This historic book may have numerous typos and missing text. Purchasers can usually download a free scanned copy of the original book (without typos) from the publisher. Not indexed. Not illustrated. 1899 edition. Excerpt: ... HEGEL HE connection between the two sides of Kant's doctrine, his analysis of the facts of experience, and his recognition ...
This historic book may have numerous typos and missing text. Purchasers can usually download a free scanned copy of the original book (without typos) from the publisher. Not indexed. Not illustrated. 1899 edition. Excerpt: ... HEGEL HE connection between the two sides of Kant's doctrine, his analysis of the facts of experience, and his recognition of thingsin-themselves, was not a logical one. Logically, as events show, he ought to have ceased to hold to the latter, and it was only his strong feeling for reality which prevented him from doing this. It was very quickly pointed out, however, that his position was inconsistent. The idea of cause, he had said, holds solely within experience; it tells us nothing whatever about things-in-themselves, and is empty and abstract so long as it is not supplied with the material of sense. But why do we believe in things-in-themselves at all? Practically because the material of sense finds no explanation within experience, and requires to be furnished from without, or, in other words, to have an outside cause. This was the assumption of rationalism, that the possibility of this external reference in knowledge was to be explained, if at all, by having recourse to a deliverance of the rational nature; and although Kant's principles forbade him still to hold this explanation, yet as it never occurred to him to go behind it, and inquire whether there might not be some different way of reaching the same result, he had no other account of the process to suggest. And consequently, while he felt that he was in the right, and to the end refused to give up his belief, he really had no answer to make when it was pointed out by his critics that he was requiring us to hold that we are led to a supersensible reality through the category of cause, at the same time that this category is declared to have no possible application to such a reality. The main line of development from Kant was, therefore, consistent in dropping...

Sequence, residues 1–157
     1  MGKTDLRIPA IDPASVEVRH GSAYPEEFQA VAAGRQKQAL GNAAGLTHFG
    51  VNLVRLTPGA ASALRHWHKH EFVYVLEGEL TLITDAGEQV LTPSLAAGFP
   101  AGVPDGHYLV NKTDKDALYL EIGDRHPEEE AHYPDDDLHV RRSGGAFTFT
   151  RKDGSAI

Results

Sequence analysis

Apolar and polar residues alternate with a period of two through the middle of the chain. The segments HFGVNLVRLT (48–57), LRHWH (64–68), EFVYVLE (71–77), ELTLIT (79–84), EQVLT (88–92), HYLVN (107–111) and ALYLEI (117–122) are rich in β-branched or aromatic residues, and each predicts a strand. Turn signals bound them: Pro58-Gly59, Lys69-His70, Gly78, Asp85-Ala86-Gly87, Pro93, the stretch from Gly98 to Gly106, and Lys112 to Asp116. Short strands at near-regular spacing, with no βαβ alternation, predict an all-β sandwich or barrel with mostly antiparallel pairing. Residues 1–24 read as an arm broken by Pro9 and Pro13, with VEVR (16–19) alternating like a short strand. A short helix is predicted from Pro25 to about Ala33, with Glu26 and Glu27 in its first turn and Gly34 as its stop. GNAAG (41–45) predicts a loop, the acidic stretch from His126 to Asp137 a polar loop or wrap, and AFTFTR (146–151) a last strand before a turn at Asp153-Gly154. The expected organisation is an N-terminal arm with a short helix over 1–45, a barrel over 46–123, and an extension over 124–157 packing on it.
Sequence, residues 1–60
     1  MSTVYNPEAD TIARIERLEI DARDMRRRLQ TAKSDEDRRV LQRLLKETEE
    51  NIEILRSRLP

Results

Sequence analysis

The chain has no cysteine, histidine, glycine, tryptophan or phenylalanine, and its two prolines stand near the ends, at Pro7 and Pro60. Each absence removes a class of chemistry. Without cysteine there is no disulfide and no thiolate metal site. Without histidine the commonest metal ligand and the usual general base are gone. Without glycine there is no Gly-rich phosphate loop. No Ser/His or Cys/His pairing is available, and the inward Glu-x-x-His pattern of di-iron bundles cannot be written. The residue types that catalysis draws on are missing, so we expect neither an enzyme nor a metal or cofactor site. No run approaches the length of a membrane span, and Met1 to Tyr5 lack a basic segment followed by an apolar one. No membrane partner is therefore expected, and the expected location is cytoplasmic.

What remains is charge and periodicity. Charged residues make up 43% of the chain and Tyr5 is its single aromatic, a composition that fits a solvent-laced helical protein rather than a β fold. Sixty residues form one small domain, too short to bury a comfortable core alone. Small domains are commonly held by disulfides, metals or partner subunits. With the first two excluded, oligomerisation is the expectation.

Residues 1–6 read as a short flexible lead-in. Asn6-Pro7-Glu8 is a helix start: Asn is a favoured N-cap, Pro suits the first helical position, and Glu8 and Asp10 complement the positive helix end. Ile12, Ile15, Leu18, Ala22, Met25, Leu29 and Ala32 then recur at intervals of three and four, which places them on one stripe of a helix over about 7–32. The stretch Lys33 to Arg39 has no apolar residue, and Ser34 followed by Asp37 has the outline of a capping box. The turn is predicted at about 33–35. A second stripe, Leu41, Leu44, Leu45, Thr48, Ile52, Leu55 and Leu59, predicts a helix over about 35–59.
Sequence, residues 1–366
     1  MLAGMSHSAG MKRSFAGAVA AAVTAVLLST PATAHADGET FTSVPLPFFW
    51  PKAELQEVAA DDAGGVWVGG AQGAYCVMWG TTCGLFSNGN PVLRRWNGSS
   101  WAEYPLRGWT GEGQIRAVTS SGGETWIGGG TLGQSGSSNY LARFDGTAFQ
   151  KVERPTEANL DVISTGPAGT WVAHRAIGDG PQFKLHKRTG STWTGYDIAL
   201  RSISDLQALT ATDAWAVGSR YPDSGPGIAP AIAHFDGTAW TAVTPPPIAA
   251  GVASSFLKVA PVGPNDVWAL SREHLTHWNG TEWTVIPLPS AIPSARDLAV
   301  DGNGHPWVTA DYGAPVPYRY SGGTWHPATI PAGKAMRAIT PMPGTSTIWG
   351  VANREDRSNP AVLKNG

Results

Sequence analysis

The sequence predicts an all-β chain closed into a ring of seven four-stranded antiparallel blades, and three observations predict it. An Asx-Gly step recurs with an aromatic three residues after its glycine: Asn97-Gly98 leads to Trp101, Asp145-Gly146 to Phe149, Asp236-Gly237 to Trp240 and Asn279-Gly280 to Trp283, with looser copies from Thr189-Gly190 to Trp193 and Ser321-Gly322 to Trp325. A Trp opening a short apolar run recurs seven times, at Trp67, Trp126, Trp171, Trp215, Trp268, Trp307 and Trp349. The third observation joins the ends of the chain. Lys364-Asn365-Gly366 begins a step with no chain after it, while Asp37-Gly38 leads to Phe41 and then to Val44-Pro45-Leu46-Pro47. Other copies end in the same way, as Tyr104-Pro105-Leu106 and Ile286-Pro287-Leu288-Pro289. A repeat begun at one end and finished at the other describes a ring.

Hardcover reprint of the original 1899 edition-beautifully bound in brown cloth covers featuring titles stamped in gold, 8vo-6x9". No adjustments have been made to the original text, giving readers the full antiquarian experience. For quality purposes, all text and images are printed as black and white. This item is printed on demand. Book Information: A Brief Introduction To Modern Philosophy. Rogers, Arthur Kenyon. Indiana: Repressed Publishing LLC, 2012. Original Publishing: A Brief Introduction To Modern Philosophy. Rogers, Arthur Kenyon. New York, The Macmillan Company; London, Macmillan & Co., Ltd., 1899. Subject: Philosophy.
Fair Condition. No Dust Jacket. Size: 8vo-over 7¾"-9¾" tall. Ex-Library: Blindstamp on first three pages; notation on copyright page; circulation pocket are in back of book; sticker on tail end of spine. Text unmarked. Pages and text-block tanned. Binding is broken in several places, but all pages are attached. Front and rear hinges cracked. Spine working loose. Spine tanned, rubbed, lightly cocked, and frayed at ends. Boards bumped and worn at corners, edges and spine ends. Front board has a few hard bumps. Rubbing and soiling to boards. Quantity Available: 1. Inventory No: 515277.
Very Good. Reprint. Cloth hardbound, clean unmarked text, 360 pp. + ads. Very Good+ copy, slight soil/discoloration to the endpapers, slight rubbing/soil to the cloth covers (especially the tips and edges), no dust jacket.
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